Pissed-off victim No. 6: The Rolling Stones
Satisfaction for the Rolling Stones was quite unattainable after Trump began to frequently lean on the band’s tunes to pump up the baby-boomer crowd at his campaign rallies — “You Can’t Always Get What You Want” was, oddly, a favorite — which culminated with blasting “Start Me Up” during Trump’s celebration speech upon clinching the Republican presidential candidate nominee. The Stones had to release statements not once, but twice, demanding Trump immediately “cease all use” of their songs, eventually clarifying that they “do not endorse” the nominee after he kept using their tunage “without the band’s permission.” Mick Jagger eventually conceded that there was no effective way to get Trump to stop using their music, equating the usage to something a theater or restaurant does as background noise: “They can play what they want … you can’t stop them.”
Pissed-off victim No. 7: Queen
Two summers before Trump complained that the actual queen of England kept him waiting for their scheduled afternoon tea — surprise, that was a lie — the more rock-friendly Queen condemned the repeated usage of their beloved jam “We Are the Champions” during Trump’s stage appearance at the Republican National Convention and beyond. “I can confirm that permission to use the track was neither sought nor given,” Brian May, one of the band’s three surviving members, explained. “Regardless of our views on Mr. Trump’s platform, it has always been against our policy to allow Queen music to be used as a political campaigning tool.” The whole band later reiterated that the “unauthorized use” of the song might spur legal action on their part, should they be so inclined, as Trump continued to use “We Are the Champions” in the months leading up to the election. “We are frustrated by the repeated unauthorized use of the song after a previous request to desist,” they collectively said, “which has obviously been ignored by Mr. Trump and his campaign.”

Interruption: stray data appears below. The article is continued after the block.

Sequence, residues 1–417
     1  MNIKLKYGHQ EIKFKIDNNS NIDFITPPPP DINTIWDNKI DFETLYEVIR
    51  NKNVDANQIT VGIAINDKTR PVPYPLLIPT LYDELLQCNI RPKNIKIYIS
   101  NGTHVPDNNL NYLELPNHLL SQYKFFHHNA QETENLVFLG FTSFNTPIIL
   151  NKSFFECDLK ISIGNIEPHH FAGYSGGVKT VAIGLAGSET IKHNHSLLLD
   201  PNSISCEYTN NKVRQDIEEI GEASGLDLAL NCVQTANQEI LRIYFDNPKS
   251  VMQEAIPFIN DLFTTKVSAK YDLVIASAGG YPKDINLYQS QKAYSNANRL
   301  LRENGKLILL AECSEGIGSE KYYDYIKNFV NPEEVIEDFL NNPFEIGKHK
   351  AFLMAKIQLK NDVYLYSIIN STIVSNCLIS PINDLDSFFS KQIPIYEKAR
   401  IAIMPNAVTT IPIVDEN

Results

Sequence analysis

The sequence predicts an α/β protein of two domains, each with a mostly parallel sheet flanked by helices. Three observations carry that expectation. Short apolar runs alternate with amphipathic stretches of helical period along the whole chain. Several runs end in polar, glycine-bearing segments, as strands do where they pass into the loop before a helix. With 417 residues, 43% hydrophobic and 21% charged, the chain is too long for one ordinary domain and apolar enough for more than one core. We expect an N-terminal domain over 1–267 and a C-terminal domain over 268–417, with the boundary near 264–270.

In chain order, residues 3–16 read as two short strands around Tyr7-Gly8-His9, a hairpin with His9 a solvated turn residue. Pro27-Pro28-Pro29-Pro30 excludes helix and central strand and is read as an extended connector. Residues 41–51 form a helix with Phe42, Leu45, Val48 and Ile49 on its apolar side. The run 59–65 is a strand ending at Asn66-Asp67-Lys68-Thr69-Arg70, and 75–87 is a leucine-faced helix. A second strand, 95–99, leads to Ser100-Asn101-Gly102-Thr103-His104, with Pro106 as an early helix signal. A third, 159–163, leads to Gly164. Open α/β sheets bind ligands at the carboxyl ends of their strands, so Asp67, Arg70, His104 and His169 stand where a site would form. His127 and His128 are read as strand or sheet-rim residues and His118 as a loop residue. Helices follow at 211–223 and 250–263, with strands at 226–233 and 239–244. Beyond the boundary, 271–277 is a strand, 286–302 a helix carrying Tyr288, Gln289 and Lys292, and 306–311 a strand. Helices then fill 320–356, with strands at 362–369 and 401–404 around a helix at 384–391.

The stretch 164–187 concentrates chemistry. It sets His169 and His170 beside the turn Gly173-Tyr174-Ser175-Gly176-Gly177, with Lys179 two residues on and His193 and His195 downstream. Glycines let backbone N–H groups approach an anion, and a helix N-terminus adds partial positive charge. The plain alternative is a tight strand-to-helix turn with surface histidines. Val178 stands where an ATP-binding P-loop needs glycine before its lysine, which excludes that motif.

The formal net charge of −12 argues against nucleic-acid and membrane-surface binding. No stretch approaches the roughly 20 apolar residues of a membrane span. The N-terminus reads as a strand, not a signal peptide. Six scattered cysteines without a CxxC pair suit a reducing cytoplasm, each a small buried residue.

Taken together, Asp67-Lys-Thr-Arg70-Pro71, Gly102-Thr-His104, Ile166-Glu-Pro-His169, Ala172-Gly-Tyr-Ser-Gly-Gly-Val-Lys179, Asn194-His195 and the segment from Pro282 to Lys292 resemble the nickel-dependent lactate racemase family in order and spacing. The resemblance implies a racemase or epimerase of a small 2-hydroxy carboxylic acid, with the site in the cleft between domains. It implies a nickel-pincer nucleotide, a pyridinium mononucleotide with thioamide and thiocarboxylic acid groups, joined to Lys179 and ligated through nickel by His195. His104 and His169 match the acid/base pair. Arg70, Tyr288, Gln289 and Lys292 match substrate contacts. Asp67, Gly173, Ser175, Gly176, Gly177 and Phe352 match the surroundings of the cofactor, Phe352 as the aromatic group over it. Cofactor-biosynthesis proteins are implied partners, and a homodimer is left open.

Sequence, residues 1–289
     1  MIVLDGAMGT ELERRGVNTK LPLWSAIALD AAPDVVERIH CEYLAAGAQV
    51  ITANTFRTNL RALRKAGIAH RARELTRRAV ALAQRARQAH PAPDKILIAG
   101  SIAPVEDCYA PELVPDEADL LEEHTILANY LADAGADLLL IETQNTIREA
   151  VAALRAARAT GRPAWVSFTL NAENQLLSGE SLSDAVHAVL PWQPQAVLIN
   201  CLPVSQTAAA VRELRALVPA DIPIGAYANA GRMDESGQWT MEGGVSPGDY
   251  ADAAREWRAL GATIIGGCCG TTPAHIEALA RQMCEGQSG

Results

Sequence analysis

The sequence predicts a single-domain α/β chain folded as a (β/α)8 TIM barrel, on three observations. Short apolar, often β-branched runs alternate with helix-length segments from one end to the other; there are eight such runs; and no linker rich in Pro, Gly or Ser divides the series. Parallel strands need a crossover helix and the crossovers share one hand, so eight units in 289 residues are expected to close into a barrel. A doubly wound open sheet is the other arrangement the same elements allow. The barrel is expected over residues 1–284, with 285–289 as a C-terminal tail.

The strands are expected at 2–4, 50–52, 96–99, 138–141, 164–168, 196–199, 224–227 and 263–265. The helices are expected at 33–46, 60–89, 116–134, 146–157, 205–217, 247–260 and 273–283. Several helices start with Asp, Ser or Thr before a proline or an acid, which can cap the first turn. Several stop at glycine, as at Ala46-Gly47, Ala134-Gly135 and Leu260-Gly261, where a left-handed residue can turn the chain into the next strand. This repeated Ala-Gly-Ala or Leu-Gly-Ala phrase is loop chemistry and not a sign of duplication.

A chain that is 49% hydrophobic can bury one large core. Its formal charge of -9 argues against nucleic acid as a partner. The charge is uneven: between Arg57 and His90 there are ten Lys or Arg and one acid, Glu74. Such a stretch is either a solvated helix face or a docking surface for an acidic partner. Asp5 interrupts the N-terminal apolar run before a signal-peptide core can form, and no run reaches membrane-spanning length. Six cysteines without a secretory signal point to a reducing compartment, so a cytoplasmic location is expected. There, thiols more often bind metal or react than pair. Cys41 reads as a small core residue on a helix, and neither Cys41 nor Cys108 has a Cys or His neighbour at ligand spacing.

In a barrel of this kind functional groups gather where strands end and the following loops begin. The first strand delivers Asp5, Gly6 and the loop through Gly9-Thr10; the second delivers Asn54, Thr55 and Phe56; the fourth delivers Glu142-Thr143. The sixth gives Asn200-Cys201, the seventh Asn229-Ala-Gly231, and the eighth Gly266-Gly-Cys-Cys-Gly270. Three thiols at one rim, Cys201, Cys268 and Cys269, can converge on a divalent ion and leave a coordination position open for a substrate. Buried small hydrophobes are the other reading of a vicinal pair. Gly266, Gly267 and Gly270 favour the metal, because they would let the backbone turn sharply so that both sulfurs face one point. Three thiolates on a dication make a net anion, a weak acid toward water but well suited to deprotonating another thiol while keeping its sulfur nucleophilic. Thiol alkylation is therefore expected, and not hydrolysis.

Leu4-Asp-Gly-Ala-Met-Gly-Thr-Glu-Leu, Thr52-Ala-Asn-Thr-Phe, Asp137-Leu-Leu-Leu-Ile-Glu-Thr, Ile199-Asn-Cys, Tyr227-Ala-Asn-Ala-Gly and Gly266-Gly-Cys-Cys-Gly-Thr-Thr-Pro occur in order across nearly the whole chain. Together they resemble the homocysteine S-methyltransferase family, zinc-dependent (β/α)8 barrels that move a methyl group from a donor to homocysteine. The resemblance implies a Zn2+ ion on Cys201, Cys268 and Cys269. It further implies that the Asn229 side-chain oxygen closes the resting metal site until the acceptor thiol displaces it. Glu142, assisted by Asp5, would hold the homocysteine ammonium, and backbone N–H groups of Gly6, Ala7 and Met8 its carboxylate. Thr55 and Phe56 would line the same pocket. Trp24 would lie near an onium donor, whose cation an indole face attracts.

Pissed-off victim No. 8: George Harrison’s estate
The Republican National Convention seemed to be the ground zero of musicians being pissed off at Trump, as the estate of George Harrison immediately denounced the “unauthorized” use of the Beatles’ “Here Comes the Sun” — which was written by Harrison for Abbey Road — as walk-on music for both Trump and his daughter Ivanka. “It’s offensive and against the wishes of the George Harrison estate,” Harrison’s official Twitter wrote. “If it had been ‘Beware of Darkness,’ then we may have approved it!” Burn!
Pissed-off victim No. 9: Luciano Pavarotti’s estate